I have worked on poverty alleviation over the last 40 years in Bangladesh and when catherine used to be the head World Food Program we worked on a program called vulnerable group development program working with the poorest 10% of bangladesh's population providing support through food rations for two years but then we found that most of these people who received the food rations didn't really improve themselves to a level where they could come out of poverty
02:57 So in Bangladesh we started a differently designed program in 2001 called targeting the ultra poor 1.3 -again the poorest ten per cent) but this time we provided support in terms of an asset transfer -perhaps 3 goats --we also provided them training/ hand-holding and we gave them a stipend for their children to go to school
-mainly women headed households in Bangladesh; so we aimed to graduate them out of extreme poverty to a level of poverty where they can access market-based solutions eg by becoming a microfinance borrower and over the years we have now graduated about 1.5 million families in Bangladesh
Back in 2005 a delegation from CGAP consultative , part of the world bank's ultra poor team came to Bangladesh- they looked at our program and said why don't we replicate this program in other countries so Ford Foundation and CGAP funded a program in 10 countries three in Asia including India Pakistan and then Ethiopia Ghana Liberia then haiti honduras and peru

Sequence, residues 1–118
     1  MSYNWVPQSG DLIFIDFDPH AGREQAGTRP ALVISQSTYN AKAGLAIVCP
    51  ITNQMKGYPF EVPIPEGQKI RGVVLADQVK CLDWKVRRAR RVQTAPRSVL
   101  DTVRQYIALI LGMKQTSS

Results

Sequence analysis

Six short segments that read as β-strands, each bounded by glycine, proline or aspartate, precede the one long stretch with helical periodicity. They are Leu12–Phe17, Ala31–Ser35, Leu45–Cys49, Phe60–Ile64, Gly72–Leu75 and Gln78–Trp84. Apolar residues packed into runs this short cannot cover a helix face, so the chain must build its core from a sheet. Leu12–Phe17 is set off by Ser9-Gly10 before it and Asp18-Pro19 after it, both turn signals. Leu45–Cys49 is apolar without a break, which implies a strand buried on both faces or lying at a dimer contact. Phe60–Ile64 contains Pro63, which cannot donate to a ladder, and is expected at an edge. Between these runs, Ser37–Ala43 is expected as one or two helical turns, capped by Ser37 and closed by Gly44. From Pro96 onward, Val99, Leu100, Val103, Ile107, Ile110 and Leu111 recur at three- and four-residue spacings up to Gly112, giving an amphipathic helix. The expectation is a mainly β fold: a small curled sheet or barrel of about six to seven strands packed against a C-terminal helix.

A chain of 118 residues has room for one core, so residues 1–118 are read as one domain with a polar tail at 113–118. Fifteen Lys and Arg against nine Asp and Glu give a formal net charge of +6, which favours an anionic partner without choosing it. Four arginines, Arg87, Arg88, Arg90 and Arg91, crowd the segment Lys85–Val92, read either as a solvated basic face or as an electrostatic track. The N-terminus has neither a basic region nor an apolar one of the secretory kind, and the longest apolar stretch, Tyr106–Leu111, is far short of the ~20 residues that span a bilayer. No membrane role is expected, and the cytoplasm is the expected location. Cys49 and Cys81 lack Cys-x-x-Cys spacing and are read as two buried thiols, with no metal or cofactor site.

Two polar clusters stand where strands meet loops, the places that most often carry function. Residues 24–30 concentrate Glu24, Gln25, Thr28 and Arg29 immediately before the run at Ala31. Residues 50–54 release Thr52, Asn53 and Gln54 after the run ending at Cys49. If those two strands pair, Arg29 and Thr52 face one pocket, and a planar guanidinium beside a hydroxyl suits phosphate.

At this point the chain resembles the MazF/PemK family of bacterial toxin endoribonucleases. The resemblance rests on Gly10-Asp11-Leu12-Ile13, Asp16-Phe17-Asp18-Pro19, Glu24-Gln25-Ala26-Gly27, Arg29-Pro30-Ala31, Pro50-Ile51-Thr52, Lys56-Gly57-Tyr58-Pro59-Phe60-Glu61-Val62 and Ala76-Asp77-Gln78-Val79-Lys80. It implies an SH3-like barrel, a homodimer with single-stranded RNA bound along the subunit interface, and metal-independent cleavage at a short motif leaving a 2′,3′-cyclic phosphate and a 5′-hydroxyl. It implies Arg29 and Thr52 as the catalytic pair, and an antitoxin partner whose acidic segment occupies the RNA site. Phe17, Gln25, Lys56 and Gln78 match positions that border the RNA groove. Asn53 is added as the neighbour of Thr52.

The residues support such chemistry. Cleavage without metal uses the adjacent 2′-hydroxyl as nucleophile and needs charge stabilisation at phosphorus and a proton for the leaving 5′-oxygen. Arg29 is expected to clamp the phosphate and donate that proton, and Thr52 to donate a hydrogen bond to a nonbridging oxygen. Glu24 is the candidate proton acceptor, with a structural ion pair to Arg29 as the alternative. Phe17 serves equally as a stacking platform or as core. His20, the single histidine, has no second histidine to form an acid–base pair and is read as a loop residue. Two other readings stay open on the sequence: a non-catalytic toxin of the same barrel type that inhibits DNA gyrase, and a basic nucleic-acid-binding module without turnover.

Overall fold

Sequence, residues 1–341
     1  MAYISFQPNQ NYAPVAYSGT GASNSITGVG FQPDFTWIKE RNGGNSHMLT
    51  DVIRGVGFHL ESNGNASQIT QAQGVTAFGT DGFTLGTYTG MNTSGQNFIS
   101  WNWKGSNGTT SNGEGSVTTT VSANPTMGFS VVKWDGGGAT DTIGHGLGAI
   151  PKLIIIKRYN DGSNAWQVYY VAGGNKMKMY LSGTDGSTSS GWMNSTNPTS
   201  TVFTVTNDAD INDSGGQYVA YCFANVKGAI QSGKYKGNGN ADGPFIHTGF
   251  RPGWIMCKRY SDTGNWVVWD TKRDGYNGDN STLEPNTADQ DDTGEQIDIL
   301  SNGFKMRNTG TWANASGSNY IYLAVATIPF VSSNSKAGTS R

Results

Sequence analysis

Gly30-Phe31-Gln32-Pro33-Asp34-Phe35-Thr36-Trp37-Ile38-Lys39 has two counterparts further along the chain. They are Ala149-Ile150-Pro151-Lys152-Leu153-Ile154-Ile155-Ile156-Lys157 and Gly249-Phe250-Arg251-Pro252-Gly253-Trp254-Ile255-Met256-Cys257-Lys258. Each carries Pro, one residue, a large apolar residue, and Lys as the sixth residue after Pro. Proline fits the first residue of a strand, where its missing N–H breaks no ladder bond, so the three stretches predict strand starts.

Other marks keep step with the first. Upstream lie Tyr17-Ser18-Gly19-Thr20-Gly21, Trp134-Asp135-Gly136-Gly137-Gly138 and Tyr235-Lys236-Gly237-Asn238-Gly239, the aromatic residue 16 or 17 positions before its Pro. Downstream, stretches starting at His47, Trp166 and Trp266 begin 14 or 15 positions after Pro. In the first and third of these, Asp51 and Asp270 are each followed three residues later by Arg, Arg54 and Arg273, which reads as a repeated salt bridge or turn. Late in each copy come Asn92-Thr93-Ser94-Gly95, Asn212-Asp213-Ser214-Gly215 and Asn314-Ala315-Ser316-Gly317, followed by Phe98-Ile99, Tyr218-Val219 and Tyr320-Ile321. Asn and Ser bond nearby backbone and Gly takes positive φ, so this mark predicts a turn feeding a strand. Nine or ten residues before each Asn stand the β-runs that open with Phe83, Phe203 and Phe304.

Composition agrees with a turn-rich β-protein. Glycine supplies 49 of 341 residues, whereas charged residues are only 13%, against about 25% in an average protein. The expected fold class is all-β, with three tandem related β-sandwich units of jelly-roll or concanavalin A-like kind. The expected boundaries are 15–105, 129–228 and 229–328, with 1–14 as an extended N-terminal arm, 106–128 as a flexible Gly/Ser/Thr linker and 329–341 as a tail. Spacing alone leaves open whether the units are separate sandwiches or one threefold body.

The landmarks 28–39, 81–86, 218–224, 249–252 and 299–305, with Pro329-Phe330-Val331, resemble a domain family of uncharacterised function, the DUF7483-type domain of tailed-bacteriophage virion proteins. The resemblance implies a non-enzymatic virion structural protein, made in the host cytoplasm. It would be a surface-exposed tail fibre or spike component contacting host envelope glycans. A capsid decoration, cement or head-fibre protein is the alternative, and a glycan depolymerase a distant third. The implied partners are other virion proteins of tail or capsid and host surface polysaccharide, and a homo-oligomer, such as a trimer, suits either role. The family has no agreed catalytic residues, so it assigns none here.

so these countries were pilot projects modeled on the bangladesh/brac program and there were three research institutions the MIT poverty action lab, the Dean Karlan at Yale School of Management and also London School of Economics they were hired to monitor the progress on these ten projects
the london school of economics which has been looking at the brac program over the last 12 years
and the other programs were looked on for about six years by these institutions and last year there
was a report by these research organizations and what was published in science magazine
https://science.sciencemag.org/content/348/6236/1260799 which came out with a very positive indicators
this involved randomized control trials so what we are hoping is that if this is the way to graduate very poorest of the poor people
various governments and donor agencies will take this up
the first country that is now interested in scaling up a large is the Kenyan government with the help of funding and implememtation by CARE and one other agency which brac will offer tech support to- this will be the first major project outside Bangladesh
and I' talked yesterday to the president of World Bank, jim kim, trying to get him to visit brac program
in Bangladesh when he goes there in a couple of weeks from now and hopefully also to
try and support if he's convinced , application in other countries 08:28 so we have found one way of tackling extreme poverty and hunger in Bangladesh; the point about this particular program is that is the poor themselves who do all the hard work to get themselves out of poverty so
All we have donei is create the enabling condition for them
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